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Anything that improve order_items & order_itemmeta is most welcome. If you can quit the previous approach, which, to my understanding, assumed that things (like adding items to an order) is supposed to be done only in a certain context (like a $_POST call), you will make plenty of developers happy 🙂

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In general, this is really great news. So much so that I would love to conceptually see it make its way in WordPress core.

That said, I am disappointed with some of the specifics. First is the use of functions like `wc_get_order()` rather than a factory method on a `WooCommerce` class, e.g. `WooCommerce::get_order( 100 )`. The benefit being to limit the number of functions in the global namespace and make it easier to discover functionality for those that use autocompleting editors like PhpStorm. It would be really awesome if you could embrace using object dispensers using this approach, and plan to deprecate the functions over time.

Further, I would be great if you could to consider dropping the `get_` from methods that are effectively property accessors that do not take any arguments, e.g.:

`$billing_name = $order->billing_first_name() . ‘ ‘ . $order->billing_last_name();`

The benefits being to make using them more natural and less verbose. `get_` could still be used when arguments are needed, e.g. `$orders->get_order_items( $args )`. We use this set of conventions in WPLib and it works brilliantly.

Finally, it would be great if for things that effectively load from disk `WooCommerce::get_order( 100 )` were named to differentiate (conceptually) accessing from memory vs. loading from disk, e.g. `WooCommerce::load_order( 100 )`

Of course WordPress overloads `get_*()` horribly: `get_posts()` vs. `get_header()` vs. `get_blog_info()` which all do different things, especially `get_header()`. So I get it, currently you are just being consistent with an inconsistent standard. Would be nice if someone would lead the way though.

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This is a great news from the developer view. Adding an abstraction layer between the api calls and the database helps a lot in optimizing and refactoring the code. But please try to keep the backward compatibility as much as you can. WooCommerce didn’t work quite well on this.

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Please have product variations in mind when you roll out crud classes. Product variations right now need WP_queries for more complex scenarios, for example if you want to get all orders that contain a specific variation of a product. So please consider these edge-cases when implementing CRUD.

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Sounds good. We are still very happy to have choosen for WooCommerce years ago. Our main bottleneck has allways been the import of products, although much has improved and it is certainly not a show stopper anymore. Our toy store carries 8500 different products and a full reload via CSV import still takes quite some time. We normally run incremental merges based upon timestamps in the DB that feeds the site via CSV import. So any improvement in that area will be much appreciated. Keep up the good work! Thanks.

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The thing is, 2.5 to 2.6 means making changes to clients stuff, and when they’re on a shoe string it’s just not viable, so this is just adding to the fact that they will stay on 2.5 forever, even if there are security risks…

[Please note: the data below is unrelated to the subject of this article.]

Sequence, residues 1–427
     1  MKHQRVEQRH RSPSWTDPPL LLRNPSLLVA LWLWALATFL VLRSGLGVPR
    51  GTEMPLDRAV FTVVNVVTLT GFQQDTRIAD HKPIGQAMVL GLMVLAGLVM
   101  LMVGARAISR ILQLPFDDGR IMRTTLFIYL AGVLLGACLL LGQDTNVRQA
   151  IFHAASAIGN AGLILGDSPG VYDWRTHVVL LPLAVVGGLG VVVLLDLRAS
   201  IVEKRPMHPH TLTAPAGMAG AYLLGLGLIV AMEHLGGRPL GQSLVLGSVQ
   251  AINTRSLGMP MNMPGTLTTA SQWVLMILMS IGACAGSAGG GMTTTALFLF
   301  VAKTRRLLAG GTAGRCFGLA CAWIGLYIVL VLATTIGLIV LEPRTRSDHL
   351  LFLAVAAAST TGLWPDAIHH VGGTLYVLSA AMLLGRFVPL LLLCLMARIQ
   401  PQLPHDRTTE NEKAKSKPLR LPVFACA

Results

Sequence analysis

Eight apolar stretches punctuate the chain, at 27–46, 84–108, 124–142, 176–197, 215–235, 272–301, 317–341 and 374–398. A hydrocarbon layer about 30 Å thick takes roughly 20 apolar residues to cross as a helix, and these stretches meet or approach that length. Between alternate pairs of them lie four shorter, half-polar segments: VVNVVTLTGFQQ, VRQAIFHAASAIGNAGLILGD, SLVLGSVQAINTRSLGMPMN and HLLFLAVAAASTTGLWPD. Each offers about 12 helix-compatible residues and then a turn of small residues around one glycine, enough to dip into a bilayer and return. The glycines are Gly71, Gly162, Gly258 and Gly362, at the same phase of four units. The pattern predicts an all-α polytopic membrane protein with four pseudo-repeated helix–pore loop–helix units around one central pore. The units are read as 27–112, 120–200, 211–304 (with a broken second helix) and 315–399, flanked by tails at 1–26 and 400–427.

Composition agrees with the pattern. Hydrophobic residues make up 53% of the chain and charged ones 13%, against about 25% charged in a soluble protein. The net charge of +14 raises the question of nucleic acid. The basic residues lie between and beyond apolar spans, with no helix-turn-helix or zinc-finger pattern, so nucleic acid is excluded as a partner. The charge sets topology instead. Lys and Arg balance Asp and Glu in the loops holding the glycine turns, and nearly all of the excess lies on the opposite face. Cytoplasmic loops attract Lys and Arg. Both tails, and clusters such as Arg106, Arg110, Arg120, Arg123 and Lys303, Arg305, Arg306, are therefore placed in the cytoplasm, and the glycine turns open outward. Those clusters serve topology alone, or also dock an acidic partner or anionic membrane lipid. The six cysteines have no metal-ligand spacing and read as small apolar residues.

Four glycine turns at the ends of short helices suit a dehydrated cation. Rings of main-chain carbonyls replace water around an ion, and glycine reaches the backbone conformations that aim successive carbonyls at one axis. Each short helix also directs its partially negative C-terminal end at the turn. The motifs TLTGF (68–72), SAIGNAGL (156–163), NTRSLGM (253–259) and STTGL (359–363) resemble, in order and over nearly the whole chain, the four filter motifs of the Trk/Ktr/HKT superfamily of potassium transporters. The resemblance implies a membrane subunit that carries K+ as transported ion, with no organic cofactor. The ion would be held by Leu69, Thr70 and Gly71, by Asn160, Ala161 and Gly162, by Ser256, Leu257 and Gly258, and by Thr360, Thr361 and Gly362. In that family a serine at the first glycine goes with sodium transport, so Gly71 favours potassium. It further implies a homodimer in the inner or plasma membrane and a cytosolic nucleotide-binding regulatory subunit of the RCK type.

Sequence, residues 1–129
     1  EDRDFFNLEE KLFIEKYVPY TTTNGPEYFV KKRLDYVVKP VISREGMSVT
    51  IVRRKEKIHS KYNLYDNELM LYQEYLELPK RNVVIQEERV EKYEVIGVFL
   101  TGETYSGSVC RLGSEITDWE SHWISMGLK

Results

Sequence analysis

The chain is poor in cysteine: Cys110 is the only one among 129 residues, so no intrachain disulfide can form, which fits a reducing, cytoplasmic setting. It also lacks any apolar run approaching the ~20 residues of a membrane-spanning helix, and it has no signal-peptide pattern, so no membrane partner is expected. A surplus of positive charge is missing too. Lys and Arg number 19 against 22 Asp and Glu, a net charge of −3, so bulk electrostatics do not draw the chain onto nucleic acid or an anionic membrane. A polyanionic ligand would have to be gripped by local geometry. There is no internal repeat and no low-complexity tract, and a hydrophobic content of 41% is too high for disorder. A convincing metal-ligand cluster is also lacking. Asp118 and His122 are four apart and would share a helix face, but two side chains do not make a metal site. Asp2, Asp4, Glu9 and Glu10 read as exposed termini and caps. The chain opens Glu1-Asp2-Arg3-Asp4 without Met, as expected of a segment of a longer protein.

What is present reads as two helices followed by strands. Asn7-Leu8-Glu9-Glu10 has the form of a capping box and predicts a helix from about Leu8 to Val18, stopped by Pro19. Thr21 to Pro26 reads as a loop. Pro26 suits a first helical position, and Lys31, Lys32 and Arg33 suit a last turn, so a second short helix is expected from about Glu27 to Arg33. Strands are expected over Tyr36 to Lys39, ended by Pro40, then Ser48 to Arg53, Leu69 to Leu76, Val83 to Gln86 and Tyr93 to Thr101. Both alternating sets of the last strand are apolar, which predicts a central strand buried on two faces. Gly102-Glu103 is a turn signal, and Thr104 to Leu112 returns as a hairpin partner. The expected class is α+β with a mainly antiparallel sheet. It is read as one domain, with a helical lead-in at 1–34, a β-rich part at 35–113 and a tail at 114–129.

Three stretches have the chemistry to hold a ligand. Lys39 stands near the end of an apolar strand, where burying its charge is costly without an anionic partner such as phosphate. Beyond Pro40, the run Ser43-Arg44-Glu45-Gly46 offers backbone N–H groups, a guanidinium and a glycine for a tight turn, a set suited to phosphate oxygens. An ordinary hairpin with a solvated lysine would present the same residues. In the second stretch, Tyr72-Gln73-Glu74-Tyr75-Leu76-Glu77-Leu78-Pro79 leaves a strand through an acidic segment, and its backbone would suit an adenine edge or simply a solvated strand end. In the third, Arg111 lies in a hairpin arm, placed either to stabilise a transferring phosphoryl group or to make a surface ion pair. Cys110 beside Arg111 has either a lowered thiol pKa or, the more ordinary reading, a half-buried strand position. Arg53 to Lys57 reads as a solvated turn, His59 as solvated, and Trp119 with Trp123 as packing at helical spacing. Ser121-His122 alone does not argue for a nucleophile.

It seems to me that making a break and say 2.6 onwards is a new product and then keep updating the 2.5 branch with security updates would be a better move, otherwise you’re just invalidating our choice of e-commerce in our clients eyes, or we’ve got to rework things, or our clients get less secure?
Maybe you should make the 2.5 a ‘lite’ version and apply all the advance stuff into a new version?
Just my 2p’s worth of the frustration of building a brilliant system only for it to break a year later!

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Whether it’s providing compatibility updates or security fixes, sounds like this is something that needs working into client contracts? If there ever was a major security release it’s likely we would have to back port it, but never features and enhancements.

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Hi Mike, don’t get me wrong I’m not saying don’t advance the product, but it does seem that over the last couple of years even subtle template changes have made more work for us, especially when you change a template but don’t change the version number (you do, believe me), or deprecate something and I can’t find a replacement without re-writing a whole new plugin.

The way you want to go sounds like it would alleviate many of the problems we have, but sometimes it would just be nice to say, “there you are all settled for a year”, not every few months go through the whole “what’s changed” routine, it may not affect Woocommerce but it surely affects us poor solution providers…

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I’m not a developer, but I do have woocommerce installed on a few sites. Would there be a way to create a plugin that could transfer the old data to the new(in testing) method once/if it becomes finalized so that things breaking does not happen?

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We needed to put additional information in to the customer note field (not the order note). There was no existing method that I could find, I hope there comes a crud field for this too, so I can remove this table dependend code:

$wpdb->update($table,
array(‘post_excerpt’ => $note),
array (‘ID’ => $order_id));